Manage Daily Challenges

Manage cancer-related fatigue

Strategies to help you when dealing with fatigue

Managing Cancer-Related Fatigue

Fatigue can be expected with some treatments, but it could also be a serious side effect of your treatment. The first thing you should do is talk with your doctor when you experience fatigue.

Dealing with fatigue

From Harvard Health Publishing

A common refrain from people with cancer is, “I’m so tired.” But “tired” is a vague word that covers all kinds of fatigue. A crucial difference is whether we’re talking about regular fatigue, or cancer-related fatigue.

Everyday fatigue vs cancer-related fatigue

Everyday fatigue starts with a baseline of health. You may feel sleepy or worn out from long hours, exertion, or unrelenting stress — but you don’t feel persistently exhausted or sick. You can get out of bed and power through the day, even if you don’t want to. A cup of coffee or a nap might perk you up.

This type of fatigue is usually related to external factors: lack of sleep, stress, an extra-hard workout. But internally, your body is working well and is generally healthy. Cancer-related fatigue is different.

Always tell your cancer team if you’re feeling tired. While it might be related to the cancer or its treatment, there could be some other reason, such as iron deficiency anemia or an underactive thyroid. Both of these can easily be treated.

Cancer-related fatigue: a symptom and an effect

Cancer-related fatigue may start before you even get your official diagnosis. It’s one of the most common and challenging effects of just having cancer and often made worse with treatment. Cancer fatigue can be caused by the treatments you receive, as well as stress, sleep problems, medications, pain, poor nutrition, and other factors related to your disease.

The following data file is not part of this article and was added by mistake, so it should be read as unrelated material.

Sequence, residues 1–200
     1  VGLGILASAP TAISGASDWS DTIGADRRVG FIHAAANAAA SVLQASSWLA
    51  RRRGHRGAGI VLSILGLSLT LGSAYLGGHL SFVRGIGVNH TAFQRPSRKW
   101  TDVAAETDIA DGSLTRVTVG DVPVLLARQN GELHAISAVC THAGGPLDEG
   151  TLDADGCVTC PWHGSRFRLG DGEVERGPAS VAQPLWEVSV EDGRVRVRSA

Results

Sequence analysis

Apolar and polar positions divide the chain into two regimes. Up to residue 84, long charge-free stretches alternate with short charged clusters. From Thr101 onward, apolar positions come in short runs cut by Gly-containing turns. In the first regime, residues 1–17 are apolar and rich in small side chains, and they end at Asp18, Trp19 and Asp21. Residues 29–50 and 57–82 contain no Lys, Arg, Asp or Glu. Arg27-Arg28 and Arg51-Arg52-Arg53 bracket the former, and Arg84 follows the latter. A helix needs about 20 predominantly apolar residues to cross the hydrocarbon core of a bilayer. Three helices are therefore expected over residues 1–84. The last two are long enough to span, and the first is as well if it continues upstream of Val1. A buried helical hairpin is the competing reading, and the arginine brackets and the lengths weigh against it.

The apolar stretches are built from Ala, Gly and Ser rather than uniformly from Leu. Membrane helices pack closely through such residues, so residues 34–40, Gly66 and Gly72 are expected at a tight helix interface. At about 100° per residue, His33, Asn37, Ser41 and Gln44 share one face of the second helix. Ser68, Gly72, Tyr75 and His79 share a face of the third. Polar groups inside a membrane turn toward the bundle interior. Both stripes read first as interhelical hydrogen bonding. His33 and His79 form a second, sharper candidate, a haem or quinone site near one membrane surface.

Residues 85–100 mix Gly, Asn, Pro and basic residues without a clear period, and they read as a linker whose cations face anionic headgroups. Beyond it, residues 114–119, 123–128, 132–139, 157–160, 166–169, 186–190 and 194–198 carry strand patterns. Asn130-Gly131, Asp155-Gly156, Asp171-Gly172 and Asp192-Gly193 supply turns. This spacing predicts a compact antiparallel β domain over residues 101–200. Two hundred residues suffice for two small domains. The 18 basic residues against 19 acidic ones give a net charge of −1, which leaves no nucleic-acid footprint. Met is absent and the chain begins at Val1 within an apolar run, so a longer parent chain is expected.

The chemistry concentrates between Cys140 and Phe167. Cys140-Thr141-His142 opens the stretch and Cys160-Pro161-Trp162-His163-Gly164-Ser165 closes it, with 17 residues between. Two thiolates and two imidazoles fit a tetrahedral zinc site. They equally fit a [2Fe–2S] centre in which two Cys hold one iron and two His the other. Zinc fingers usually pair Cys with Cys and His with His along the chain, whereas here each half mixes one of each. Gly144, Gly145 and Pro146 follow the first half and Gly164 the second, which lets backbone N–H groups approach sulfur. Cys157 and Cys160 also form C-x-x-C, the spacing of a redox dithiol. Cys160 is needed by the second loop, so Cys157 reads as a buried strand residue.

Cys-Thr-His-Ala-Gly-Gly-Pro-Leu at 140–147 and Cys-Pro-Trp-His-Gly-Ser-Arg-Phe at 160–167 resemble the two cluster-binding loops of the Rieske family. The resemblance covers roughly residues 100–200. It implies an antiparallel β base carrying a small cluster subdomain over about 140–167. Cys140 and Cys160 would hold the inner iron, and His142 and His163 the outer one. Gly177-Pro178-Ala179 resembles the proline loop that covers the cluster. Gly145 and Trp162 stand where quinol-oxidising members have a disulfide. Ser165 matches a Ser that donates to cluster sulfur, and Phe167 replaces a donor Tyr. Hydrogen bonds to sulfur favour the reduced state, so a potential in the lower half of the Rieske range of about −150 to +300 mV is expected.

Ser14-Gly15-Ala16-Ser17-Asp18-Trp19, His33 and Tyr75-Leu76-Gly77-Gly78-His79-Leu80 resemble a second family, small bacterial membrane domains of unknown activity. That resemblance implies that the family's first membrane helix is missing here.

The fatigue that accompanies cancer isn’t your average, everyday tiredness. It drains you of energy, makes your arms and legs feel like lead, and doesn’t relent, no matter how many hours you sleep. Cancer fatigue can disrupt your daily life, making it impossible for you to work or spend time with friends and family. What’s worse, the fatigue can continue many years after your treatment has ended.

Try these strategies to manage fatigue:

Take short naps or rest breaks during the day.

Prioritize the things you need to do, and take care of the most important ones first.

Divvy up large tasks (cleaning your house) into smaller ones (dust one day, sweep the floors the next).

Ask friends and family for help getting through your daily routine. Let loved ones pick up groceries, medications, or drop off meals so that you don’t have to worry about getting healthy food on the table.

Exercise. Though you might feel too tired to drag yourself out of bed, a brisk walk, yoga, tai chi, or a swim will give you more energy to face the day. It will also help you sleep better at night.

Eat foods that give you energy. Fresh fruits, vegetables, whole grains, and lean protein (fish, chicken, eggs, tofu) will give you the right mix of nutrients to help you power through the day.

Drinking plenty of water throughout the day can also help fight fatigue.

Always look to your doctor as your main source of support.

You should always look to your doctor as your main source of support. Understand Cancer Together does not take the place of talking to your doctor or health care team. If you have any questions that are specific to your medical condition or treatment, or you’re having side effects, please contact your doctor’s office right away.

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